Everything you need to Know About Hounds Health

everything you need to know about your hounds health

Hounds are fascinating little hunters. They can seem like cute and docile guys before they bolt for a small squirrel before you even see it. Hounds will lean into their instincts before they learn not to which causes their sudden bursts of energy. Frequently untrained Hounds bolt after small mammals because they are hunting machines. 

They used to be included in the sporting group but eventually got their own designation because of their unique skillset.  can also be lackadaisical and seem sick, and some are even prone to skin problems. What can you do about your fuzzy buddy’s health to keep him on track? In conjunction with our Dog Groups series, we wanted to talk about some important facts about what makes your Hound special and what you can do to take better care of it!


Basics Around Hound Health

Typically, hounds are relatively durable and lasting dogs. Many Hounds can live up to 12-15 years on average, which is a pretty long time for bigger dogs. The average lifespan for bigger dogs is around 8-12 years. Part of their health advantage is that they weren’t just bred for size like the Great Dane whose life span is 8-10 years. 

All hounds were bred for a specific purpose though they accomplish this purpose differently: hunting. Because of their persistent hunting prowess, many Hounds aren’t as prone to heart disease (kind of hard to hunt when your heart gives out). But, keep an eye on your particular breed as not all Hound breeding processes phased out heart problems. For example, the Afghan Hound’s breeding process made heart problems pretty common within the breed. However, the Greyhound has a robust heart and isn’t known to have any heart problems. So it’s good to research what your specific breed can expect through their lifespan.  

Like all types of dogs, the Hounds group is disposed toward specific health problems. Hounds were bred for hunting and they got special skills. Sometimes these special traits can cause problems. Like how Basset hounds tend to get infections in their ears. Their droopy ears are prone to infections partly because of how difficult it is to clean them.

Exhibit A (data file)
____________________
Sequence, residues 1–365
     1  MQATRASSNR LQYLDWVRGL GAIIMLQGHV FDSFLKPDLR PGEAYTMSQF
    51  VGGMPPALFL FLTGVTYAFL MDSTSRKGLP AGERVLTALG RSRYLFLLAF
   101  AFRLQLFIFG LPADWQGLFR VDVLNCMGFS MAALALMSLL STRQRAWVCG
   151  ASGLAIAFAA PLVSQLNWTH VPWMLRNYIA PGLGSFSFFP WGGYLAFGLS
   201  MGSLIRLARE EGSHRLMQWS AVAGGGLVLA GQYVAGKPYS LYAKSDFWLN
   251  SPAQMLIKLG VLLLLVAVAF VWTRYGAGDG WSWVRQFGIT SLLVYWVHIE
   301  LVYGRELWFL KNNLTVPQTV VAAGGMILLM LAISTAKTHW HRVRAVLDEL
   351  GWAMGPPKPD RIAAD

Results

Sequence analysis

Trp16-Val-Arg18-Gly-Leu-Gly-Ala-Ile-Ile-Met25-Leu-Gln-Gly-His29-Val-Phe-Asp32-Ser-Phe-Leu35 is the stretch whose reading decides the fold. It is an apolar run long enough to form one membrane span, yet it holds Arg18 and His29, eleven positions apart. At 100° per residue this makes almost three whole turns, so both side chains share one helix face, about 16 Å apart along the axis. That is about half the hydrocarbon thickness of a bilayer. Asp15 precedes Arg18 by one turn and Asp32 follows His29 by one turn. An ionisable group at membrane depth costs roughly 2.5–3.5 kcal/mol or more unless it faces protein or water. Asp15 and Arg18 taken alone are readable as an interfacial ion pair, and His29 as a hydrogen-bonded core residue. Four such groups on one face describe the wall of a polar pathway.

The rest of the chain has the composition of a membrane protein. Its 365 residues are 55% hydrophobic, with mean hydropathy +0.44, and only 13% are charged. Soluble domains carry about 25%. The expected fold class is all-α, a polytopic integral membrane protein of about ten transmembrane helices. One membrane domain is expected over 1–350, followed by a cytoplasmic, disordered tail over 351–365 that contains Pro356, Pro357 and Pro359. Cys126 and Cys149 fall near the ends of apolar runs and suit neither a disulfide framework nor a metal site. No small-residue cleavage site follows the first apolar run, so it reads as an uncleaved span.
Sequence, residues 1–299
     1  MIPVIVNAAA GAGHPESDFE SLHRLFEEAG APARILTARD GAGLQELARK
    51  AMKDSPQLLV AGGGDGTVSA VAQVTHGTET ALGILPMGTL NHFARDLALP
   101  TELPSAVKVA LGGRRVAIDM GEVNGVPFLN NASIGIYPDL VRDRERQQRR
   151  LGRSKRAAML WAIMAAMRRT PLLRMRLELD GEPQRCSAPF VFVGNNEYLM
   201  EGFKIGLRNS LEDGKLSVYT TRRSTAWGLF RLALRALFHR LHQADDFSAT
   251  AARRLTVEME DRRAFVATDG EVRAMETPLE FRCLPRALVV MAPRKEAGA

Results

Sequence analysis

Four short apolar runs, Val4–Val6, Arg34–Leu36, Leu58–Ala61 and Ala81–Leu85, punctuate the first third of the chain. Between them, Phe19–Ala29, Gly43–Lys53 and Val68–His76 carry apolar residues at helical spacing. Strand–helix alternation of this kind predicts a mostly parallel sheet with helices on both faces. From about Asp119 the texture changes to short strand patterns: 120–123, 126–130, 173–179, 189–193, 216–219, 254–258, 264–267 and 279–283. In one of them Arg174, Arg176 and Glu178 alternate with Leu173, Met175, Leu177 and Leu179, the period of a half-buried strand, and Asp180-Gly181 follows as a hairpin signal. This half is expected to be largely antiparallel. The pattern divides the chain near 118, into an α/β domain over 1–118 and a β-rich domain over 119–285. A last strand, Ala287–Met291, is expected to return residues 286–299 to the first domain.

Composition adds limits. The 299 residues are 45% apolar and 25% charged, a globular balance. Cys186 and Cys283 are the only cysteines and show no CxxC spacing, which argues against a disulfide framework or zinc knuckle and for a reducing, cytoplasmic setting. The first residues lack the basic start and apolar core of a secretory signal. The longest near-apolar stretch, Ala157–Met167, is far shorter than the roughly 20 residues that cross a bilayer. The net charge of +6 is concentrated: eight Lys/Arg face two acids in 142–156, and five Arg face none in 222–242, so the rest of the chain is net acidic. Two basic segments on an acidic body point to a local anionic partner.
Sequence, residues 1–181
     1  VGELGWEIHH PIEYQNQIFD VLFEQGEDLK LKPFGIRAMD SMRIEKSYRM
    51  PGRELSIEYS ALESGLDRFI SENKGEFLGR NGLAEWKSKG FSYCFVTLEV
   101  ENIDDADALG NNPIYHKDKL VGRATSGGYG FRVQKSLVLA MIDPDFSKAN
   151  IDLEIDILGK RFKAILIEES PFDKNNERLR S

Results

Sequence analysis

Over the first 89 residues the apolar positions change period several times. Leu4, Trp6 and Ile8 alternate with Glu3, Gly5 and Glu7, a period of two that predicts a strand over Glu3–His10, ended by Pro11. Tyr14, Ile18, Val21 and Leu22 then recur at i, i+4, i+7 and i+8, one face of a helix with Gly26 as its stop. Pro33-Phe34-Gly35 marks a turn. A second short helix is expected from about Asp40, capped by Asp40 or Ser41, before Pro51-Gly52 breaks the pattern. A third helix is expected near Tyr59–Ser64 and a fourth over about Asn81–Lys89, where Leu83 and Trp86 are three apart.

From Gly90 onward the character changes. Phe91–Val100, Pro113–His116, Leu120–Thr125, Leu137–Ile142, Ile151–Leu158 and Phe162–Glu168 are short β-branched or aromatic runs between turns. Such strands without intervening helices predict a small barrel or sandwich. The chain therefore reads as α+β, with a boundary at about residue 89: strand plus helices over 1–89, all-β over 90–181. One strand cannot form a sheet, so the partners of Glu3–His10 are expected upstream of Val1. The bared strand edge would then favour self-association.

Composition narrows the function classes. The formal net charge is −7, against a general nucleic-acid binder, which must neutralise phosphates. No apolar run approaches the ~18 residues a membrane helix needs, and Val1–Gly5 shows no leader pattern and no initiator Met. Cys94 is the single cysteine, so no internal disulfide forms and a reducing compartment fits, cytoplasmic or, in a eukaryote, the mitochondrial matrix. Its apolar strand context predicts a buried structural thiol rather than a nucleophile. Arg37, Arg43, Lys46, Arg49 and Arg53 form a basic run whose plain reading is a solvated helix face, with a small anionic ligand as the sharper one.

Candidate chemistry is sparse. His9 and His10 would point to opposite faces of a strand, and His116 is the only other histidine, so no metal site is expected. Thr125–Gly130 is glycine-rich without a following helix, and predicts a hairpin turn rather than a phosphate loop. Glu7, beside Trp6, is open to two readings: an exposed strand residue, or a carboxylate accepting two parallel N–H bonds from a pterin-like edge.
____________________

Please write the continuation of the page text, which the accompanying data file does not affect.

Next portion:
Bassets are also very purebred. So, two kinds of dysplasia are prevalent within the breed: hip and elbow dysplasia.

Strong pure breeding also created some common problems like skin irritation and itching in hounds like the Basset. Allergies like pollen, grass, and certain foods are more prevalent in these dogs. However, some Hounds are unbelievably robust. Greyhounds are big but still live perfectly in the dead center of the 12-15 year average for hounds. Their only known common condition is bloat. Bloat is simply gas that gets caught in the stomach and twists it.

So, your dog’s leading health problems are probably going to be breed-specific rather than unique to the “hound” grouping. But, all hounds tend to have health issues related to their unique hunting abilities. Many of these can be overcome through training, good hygiene, and a proper diet.


Training Your Hound

Hounds have quite the reputation when training. They are known to be some of the most stubborn dogs that just won’t listen. The likelihood that your Hound also had some training issues is relatively high. But the reason Hounds are so stubborn is not because of what you think. 

Hounds have special needs and accommodations you might not need with other groups and breeds because of their special skillsets! Hounds were bred for hunting, and each Hound is a little different. There are two different kinds of Hound: scent hounds and sight hounds. One scent hound breed, the Basset hound, was bred for small game, and the sighthound Greyhound was bred for running, or more formally coursing. Coursing means they chase prey until they catch them. Their differences are pretty straightforward as sight hounds use their sight for hunting prey and scent hounds prey’s scent. 

The reason for their stubbornness is because of these exceptional instincts and skills. Their instincts make them want to hunt and they have the ability to go get that squirrel several hundred feet away, so sometimes they do! Unless you have a method to get some of this energy out or some healthy expression for it, they will not want to listen. So make sure you get some exercise with your dog and some toys that will allow them to go on a “hunt.”

And each Hound is going to express their needs a little differently. Bassets need 30-60 minutes of walking. But Greyhounds will need to run! They have very “bursty” energy reserves where they go as hard as they can and then stop and rest for long periods of time. Greyhounds may even seem lazy at times with how often they don’t go full speed but how long could you run 45 mph? Giving them the space to sprint and do a fetch exercise would help these robust athletes’ temperament. 


Take Care of Your Hound

Hounds need special attention to their instincts. Whereas other less active dog types just want to be with you, Hounds make loyal companions but have unique traits that they need to exercise. If you don’t give hounds an outlet for their hunting energy, they may begin to “hunt” your couch or everyday objects. Exercise also helps prevent health major problems down the line. It helps keep your dog’s joints healthy and strong through old age. It also helps with heart health! 

So whether you have a Hound or are looking to get one, you should be a bit more informed about their common needs and feel a bit more confident to research about your current or future fuzzy buddy!

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